Compare any two graphics cards:
Geforce GTX 760 vs Radeon HD 7950 3GB
IntroThe Geforce GTX 760 features a clock frequency of 980 MHz and a GDDR5 memory speed of 1502 MHz. It also uses a 256-bit bus, and uses a 28 nm design. It is made up of 1152 SPUs, 96 TAUs, and 32 Raster Operation Units.
Compare all that to the Radeon HD 7950 3GB, which features a core clock speed of 800 MHz and a GDDR5 memory frequency of 1250 MHz. It also features a 384-bit bus, and makes use of a 28 nm design. It is comprised of 1792 SPUs, 112 Texture Address Units, and 32 ROPs.
(No game benchmarks for this combination yet.)
Power Usage and Theoretical Benchmarks
Power Consumption (Max TDP)
As far as performance goes, the Radeon HD 7950 3GB should theoretically be a lot better than the Geforce GTX 760 in general. (explain)
Texel RateThe Geforce GTX 760 will be just a bit (about 5%) better at anisotropic filtering than the Radeon HD 7950 3GB. (explain)
Pixel RateThe Geforce GTX 760 is quite a bit (more or less 23%) better at FSAA than the Radeon HD 7950 3GB, and also will be able to handle higher screen resolutions without slowing down too much. (explain)
Please note that the above 'benchmarks' are all just theoretical - the results were calculated based on the card's specifications, and real-world performance may (and probably will) vary at least a bit.
Please note that the price comparisons are based on search keywords - sometimes it might show cards with very similar names that are not exactly the same as the one chosen in the comparison. We do try to filter out the wrong results as best we can, though.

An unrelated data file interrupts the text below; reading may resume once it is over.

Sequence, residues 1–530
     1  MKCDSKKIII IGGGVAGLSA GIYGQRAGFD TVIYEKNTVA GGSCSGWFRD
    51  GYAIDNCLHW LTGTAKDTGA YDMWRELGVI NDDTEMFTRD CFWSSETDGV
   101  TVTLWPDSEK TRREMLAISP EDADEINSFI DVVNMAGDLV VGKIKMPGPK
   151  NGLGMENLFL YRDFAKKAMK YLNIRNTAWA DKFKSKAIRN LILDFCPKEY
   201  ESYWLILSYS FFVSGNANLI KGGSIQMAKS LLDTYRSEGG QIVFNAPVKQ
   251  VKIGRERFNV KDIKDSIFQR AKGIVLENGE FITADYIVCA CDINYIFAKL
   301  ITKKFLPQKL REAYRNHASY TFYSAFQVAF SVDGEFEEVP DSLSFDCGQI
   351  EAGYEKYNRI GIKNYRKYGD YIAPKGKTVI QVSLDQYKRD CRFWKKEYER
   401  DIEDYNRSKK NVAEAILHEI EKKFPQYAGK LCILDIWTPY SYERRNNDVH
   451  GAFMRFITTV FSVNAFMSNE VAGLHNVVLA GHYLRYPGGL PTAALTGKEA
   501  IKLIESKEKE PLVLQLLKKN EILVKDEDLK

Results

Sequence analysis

Memory Bandwidth: Bandwidth is the maximum amount of information (in units of MB per second) that can be transported over the external memory interface in a second. The number is calculated by multiplying the card's interface width by the speed of its memory. If it uses DDR type memory, it must be multiplied by 2 once again. If it uses DDR5, multiply by 4 instead. The higher the card's memory bandwidth, the better the card will be in general. It especially helps with AA, HDR and higher screen resolutions.
Texel Rate: Texel rate is the maximum number of texture map elements (texels) that can be processed per second. This number is worked out by multiplying the total amount of texture units of the card by the core speed of the chip. The higher this number, the better the video card will be at texture filtering (anisotropic filtering - AF). It is measured in millions of texels applied per second.
Pixel Rate: Pixel rate is the most pixels the video card could possibly record to the local memory per second - measured in millions of pixels per second. Pixel rate is worked out by multiplying the amount of colour ROPs by the the core speed of the card. ROPs (Raster Operations Pipelines - aka Render Output Units) are responsible for outputting the pixels (image) to the screen. The actual pixel output rate also depends on many other factors, especially the memory bandwidth of the card - the lower the bandwidth is, the lower the ability to get to the max fill rate.